Eid Mubarak! Ramadan is over! Eid ul-Fitr marks the ending of Ramadan and is often a multiple day celebration full of feasting, prayer, and paying final alms! I can’t believe the month is already over. There is much to reflect on, so my posts about Ramadan may keep coming. One of the major aspects of Ramadan is giving. We spend the month sacrificing in order that others might receive and that we might be thankful for that which we do receive. This idea just so happened to line up well with my job.
I don’t think I’ve ever exactly explained what I do here at the Steinbruck Center. First and foremost, let me dispel any myths and confusion about the “Center”. It sounds like a large fancy building (I picture something circular, perhaps with a dome in the middle), but really, the Steinbruck Center consists of my office. Yep, that’s right. I AM the Steinbruck Center. I am the only actual staff member. I suppose, in that right, that I am even my own boss. And my office IS the Center. Now that we have that clear, let’s talk about what I do. There are basically two aspects to my job. The first is that we run a hostel, and I am its manager. This is much like being a hotel manager – I take reservations, book the hostel, hand out keys, and give my customers a tour. Pretty straightforward. The more important aspect of my job, however, is that for the people who come to stay in our hostel, we offer programming to educate about homelessness and poverty. This can include anything from homelessness simulations to bible studies to advocacy to service projects. I work with the leader of the group coming to set up a program that is fitting for them.
So, a main aspect of the programming we often set up is service projects around DC. In order to familiarize myself with the volunteer opportunities available, I was encouraged to check them out for myself during the month of September! Well…seeing as how I’m not much of a desk-job person, I took this suggestion and ran with it! Over the course of four weeks, I put in over 30 hours of volunteering at twelve different places! I did everything from playing with homeless preschoolers to bagging food to administrative work to serving lunches to chopping veggies to handing out clothing to the homeless! Each place I volunteered gave me a little more insight into the world of non-profits and the numerous volunteers out there that are helping to alleviate – just slightly – the poverty in the world.
Most of these places are just short term solutions, however, and as the domestic policy advisor from the ELCA Washington Office told me:
“You can only pull so many dead bodies out of the water before you head upstream to see who’s pushing them in.”
For anyone interested, the organizations I volunteered with are: Bright Beginnings, Bread for the City, Food & Friends, Washington Parks & People, Capital Area Food Bank, Luther Place Night Shelter, Community of Hope, Community Family Life Services, Martha’s Table, N Street Village, Miriam’s Kitchen, and the Dinner Program for Homeless Women. (The picture on the left is from bagging fresh produce for low-income elderly people, at Community Family Life Services.) Each of these volunteer experiences were not only fun but a good accompaniment to a month already devoted to giving and self-sacrifice. It was not always easy to work with food during the day, but keeping my mind focused on those who would receive it definitely helped.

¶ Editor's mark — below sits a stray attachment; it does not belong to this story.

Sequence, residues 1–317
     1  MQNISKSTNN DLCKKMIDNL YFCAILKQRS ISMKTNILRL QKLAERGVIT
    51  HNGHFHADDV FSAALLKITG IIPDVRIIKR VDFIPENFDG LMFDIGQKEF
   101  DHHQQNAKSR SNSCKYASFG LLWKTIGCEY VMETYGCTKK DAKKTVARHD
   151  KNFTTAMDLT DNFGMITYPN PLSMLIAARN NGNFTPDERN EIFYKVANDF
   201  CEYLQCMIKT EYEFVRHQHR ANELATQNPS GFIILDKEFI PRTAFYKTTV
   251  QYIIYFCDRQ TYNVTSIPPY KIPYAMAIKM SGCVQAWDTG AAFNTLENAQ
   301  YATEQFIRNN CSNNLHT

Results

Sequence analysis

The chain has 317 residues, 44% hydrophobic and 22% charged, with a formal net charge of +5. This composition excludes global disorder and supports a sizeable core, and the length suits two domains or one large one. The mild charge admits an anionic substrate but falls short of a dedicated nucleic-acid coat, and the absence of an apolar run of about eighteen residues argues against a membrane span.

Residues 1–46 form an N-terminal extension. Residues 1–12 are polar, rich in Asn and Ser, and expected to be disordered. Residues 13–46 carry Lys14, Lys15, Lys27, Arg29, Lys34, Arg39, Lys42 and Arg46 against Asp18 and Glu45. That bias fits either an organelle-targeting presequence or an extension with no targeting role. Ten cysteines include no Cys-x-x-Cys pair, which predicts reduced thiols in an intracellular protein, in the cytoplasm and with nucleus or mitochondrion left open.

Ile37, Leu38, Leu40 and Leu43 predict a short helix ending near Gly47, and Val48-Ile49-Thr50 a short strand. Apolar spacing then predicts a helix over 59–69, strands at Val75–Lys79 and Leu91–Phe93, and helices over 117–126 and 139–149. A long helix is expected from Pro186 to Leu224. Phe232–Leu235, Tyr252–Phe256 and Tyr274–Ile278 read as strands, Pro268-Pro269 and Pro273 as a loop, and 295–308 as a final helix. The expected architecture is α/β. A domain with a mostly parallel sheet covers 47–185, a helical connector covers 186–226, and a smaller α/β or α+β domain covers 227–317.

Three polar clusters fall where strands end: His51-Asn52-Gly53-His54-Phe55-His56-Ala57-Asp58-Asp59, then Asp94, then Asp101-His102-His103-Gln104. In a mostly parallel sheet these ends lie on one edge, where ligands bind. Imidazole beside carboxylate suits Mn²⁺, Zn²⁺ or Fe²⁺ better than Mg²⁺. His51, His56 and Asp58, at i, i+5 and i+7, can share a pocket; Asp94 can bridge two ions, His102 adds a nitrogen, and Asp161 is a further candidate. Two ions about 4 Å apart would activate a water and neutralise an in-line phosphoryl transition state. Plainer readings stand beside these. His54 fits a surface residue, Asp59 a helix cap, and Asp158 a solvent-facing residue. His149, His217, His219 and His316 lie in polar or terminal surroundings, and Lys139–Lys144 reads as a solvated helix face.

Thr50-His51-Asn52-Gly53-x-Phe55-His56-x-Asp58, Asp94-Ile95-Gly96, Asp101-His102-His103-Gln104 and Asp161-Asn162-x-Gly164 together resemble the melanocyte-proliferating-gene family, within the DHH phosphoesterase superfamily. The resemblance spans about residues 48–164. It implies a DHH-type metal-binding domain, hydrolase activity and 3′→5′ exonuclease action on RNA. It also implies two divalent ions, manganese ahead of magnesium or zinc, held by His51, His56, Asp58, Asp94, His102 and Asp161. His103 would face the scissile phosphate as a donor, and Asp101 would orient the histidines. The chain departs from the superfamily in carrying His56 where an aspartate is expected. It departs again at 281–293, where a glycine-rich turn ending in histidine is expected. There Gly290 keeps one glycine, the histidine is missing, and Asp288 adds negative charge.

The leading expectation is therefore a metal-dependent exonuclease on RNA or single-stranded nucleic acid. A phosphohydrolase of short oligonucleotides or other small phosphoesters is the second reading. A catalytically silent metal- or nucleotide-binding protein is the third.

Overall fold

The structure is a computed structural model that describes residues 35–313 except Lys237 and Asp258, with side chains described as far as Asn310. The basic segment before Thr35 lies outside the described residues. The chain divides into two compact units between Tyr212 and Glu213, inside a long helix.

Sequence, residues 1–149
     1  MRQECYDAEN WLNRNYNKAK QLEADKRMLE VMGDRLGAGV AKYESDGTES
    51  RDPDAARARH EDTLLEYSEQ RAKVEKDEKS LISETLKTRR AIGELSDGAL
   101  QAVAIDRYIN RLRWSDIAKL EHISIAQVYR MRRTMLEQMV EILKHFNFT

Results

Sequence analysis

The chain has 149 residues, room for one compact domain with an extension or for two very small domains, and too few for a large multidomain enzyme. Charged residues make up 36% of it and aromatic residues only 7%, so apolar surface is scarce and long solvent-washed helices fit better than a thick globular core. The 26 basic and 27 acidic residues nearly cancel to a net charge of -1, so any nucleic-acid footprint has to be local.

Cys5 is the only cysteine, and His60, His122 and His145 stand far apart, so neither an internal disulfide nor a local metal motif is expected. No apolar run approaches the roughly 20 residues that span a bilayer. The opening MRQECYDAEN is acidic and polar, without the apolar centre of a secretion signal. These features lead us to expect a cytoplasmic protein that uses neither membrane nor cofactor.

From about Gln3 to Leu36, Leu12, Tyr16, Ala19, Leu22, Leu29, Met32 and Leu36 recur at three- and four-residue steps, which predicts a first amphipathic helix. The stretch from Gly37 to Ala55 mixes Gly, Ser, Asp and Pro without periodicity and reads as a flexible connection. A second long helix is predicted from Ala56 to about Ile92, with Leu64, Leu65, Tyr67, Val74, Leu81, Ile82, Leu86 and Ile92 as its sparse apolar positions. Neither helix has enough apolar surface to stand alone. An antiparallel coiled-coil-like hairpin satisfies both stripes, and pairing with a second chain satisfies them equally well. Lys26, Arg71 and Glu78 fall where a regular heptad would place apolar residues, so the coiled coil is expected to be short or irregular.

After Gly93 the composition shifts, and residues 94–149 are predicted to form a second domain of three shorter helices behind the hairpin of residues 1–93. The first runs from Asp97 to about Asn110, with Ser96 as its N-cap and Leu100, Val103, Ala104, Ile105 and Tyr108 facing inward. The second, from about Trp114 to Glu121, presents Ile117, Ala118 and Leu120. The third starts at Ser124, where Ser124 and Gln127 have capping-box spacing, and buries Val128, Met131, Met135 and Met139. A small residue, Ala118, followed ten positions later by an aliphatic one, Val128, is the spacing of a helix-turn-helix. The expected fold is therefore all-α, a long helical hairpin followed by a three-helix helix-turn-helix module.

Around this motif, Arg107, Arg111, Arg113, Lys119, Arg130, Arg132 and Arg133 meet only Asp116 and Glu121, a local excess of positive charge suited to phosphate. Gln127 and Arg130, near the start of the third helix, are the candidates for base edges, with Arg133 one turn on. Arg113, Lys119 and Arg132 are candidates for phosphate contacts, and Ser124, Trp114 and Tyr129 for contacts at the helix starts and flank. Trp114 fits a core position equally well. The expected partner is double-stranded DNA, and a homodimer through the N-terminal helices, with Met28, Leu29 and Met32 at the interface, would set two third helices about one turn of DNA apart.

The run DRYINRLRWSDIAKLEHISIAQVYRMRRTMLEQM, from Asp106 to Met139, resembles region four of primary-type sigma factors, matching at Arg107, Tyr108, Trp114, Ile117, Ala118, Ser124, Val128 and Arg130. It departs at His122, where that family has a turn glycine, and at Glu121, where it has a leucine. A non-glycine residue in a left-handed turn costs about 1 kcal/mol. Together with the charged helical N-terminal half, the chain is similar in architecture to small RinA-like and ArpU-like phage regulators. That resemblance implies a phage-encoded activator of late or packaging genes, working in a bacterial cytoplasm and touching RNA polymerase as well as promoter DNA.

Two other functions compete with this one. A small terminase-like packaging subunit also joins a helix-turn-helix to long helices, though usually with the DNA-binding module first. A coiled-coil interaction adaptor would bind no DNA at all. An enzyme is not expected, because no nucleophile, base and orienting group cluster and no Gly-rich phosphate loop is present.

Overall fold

As always, the trick about experiences like Ramadan is how to carry it into the rest of your life. It is more than tempting to eat huge lunches for the next week, put the Koran on a shelf to collect dust, take a break from prayer, and play Scrabulous in my office all day rather than being an active volunteer. (And I must admit that I was not so successful in avoiding any of these things yesterday – the first day of Shawwal, the season after Ramadan.) The point is not to do something so terribly hard, then feel proud of yourself and move on. Rather, it is to exercise self-discipline, prove to yourself you can do it, and continue to make it a part of your life.
I had a very interesting/challenging conversation about a week into Ramadan with a Muslim lady from N Street. She told me that she doesn’t fast during Ramadan because without food or drink, she feels too weak to do anything productive, and she doesn’t believe that’s what God wants of her. Instead, she said, we should be fasting from things that are hurtful. And, she added, in that sense, we are always fasting.
There are many things she said that I agreed with, and many that I didn’t. In my Food and the Environment Paideia Capstone course at Luther, we were asked to write a “food autobiography”. While most people in my class wrote things like “I’ve been eating only organic foods for the past year!” and “My mom’s a dietician, so I’ve always been very aware of what I’m putting into my body”… I started my biography with: “I love food. In fact, I’m eating right now!” Then I continued to admit my love for McDonald’s and my sort-of desire to actually care about what I’m eating. The truth is that I do love food, and whereas I don’t necessarily think that is bad, it has grown to be something I depend on to the point where it is hurtful. It was eye-opening to be forced to let that dependency go during Ramadan. And though I learned a lot about self-discipline, it is clear to me that I have much more to learn. May we learn to have to courage and motivation to be always fasting from that which is hurtful… hurtful to ourselves, and to others.